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Deconstructing “Democracy” in Afghanistan

1. Introduction

1.1 Introduction to the study and rationale

Common understandings of the term “democracy” within current political and development thought often assign it an inherently positive quality. The word often symbolises the freedom of peoples to choose leadership for themselves, in a context where each person’s vote is of equal value, and in which there is always the possibility of change at the highest levels. “Democracy” also frequently encapsulates fundamental principles of human rights, justice, economic development and security. The belief in these values has prompted popular uprisings worldwide, along with the widespread propagation of top-down democratisation initiatives from across the political spectrum.

On the face of it, it may therefore seem surprising that—according to AREU research—many Afghans do not share this perspective or definition. However, the term has a chequered history in Afghanistan. For many, it is seen as an imported concept laden with contemporary associations of Western liberal values and secularism; for others it also carries earlier associations with the communist People’s Democratic Party of Afghanistan (PDPA) in the 1980s. Rather than bringing about peace and rule of law in the ten years since the overthrow of the Taliban, the new structures of governance that have been installed in the name of “democracy” have been used by powerholders in and outside the government in what might be considered highly “undemocratic” ways. These structures have come to be associated with increasing insecurity, a predatory government unable or unwilling to deliver services to its citizens, and unlimited freedom promoting a free-for-all, corrupt and immoral social order.

This study began in January 2009 as a means of exploring Afghan perceptions of democracy and democratisation. Concerned by the many overarching assumptions made by international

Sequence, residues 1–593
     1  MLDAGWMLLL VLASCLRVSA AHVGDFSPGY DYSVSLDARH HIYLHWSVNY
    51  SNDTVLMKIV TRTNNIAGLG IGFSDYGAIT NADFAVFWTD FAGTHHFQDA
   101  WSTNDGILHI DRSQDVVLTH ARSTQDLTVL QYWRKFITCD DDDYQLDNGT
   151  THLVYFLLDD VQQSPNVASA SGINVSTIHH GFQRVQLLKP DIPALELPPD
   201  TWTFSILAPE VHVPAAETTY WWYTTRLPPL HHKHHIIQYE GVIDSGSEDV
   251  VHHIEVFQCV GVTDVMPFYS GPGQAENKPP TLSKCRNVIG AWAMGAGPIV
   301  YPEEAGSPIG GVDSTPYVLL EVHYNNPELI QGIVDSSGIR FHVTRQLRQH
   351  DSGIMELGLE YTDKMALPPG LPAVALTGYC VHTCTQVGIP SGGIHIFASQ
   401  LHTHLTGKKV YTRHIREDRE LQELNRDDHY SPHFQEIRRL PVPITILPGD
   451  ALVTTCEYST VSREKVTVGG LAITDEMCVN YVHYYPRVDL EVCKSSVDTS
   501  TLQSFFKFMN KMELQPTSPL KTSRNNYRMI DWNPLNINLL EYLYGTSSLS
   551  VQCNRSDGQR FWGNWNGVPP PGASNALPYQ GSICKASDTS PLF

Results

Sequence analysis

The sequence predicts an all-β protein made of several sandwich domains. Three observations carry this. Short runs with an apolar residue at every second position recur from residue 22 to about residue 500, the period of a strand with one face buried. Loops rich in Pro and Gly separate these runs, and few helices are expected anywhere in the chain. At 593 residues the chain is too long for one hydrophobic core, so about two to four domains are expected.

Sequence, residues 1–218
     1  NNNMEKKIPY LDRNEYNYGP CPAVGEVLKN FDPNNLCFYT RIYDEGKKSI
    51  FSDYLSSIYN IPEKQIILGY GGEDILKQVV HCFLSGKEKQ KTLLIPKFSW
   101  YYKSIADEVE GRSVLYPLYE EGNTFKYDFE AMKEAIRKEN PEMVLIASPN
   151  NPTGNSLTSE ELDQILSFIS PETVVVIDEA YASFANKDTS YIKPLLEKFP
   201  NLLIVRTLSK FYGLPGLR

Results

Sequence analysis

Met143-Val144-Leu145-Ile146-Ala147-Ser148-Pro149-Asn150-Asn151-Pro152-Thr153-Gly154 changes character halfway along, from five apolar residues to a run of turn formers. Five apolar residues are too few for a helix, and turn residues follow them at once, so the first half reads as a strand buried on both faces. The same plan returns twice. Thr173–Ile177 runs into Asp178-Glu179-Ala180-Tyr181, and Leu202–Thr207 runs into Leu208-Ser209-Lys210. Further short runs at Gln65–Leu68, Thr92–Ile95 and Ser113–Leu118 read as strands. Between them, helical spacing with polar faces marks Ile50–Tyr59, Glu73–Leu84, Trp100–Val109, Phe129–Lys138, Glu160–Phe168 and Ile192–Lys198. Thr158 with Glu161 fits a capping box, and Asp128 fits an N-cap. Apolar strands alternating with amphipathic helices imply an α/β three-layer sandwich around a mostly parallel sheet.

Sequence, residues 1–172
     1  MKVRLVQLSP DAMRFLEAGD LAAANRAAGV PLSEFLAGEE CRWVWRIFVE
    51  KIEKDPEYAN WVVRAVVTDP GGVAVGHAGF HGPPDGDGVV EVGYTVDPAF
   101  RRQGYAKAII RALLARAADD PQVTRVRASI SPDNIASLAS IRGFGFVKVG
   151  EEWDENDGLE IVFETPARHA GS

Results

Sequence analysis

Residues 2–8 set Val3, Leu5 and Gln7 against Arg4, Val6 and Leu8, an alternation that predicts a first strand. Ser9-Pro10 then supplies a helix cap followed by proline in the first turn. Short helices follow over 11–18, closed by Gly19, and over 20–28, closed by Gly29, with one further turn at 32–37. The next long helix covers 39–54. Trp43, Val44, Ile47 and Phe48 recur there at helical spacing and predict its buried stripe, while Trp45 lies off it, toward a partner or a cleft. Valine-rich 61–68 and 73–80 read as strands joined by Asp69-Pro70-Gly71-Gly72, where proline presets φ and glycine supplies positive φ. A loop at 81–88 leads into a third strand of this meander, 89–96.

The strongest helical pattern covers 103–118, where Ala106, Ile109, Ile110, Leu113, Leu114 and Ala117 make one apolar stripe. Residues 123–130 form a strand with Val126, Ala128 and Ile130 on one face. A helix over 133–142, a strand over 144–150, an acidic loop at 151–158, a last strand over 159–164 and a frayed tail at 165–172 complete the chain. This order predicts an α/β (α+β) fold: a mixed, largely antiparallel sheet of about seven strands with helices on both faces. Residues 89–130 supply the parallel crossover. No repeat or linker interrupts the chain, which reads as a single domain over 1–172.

actors regarding the merits of various activities included under the label of “democracy promotion” in Afghanistan, it set out to clarify and document views of “democracy” expressed by Afghans across the country. This had not been done in a systematic manner at that point, and represented a significant gap in the literature.

In its treatment of “democracy,” this paper attempts to focus on perceptions—both those of Afghans and of international actors in the country— of the word and its meaning. In doing so, it seeks not only to critically assess different understandings of the word “democracy” in the Afghan context but also to question conventional Western assertions (as described above) of what it is or should be. This is primarily due to the way findings from this research have demonstrated a considerable spectrum of different definitions and associations, highlighting the diversity of meaning the word can contain. It is, however, difficult if not impossible to discuss “democracy” at length without considering some of the more prevalent interpretations of the term in the literature, as will be discussed below. In their most basic form, these interpretations view democracy as a political system in which citizens within a given state, institution or entity have the right to determine how they are governed and who should have the authority to make decisions. As will be discussed later, the paper upholds the perspective put forward by political scientist Charles Tilly in his description of democratisation as a continuum along which states can become more or less democratic. In this understanding, levels of “democraticness” are always prone to change and do not achieve an end-point of “true democracy” that can be defined by any one current

or past example.1

The findings from this research clearly show that democracy as both a word and concept as applied to post-2001 governance in Afghanistan


Charles Tilly,







2007), 13-14.


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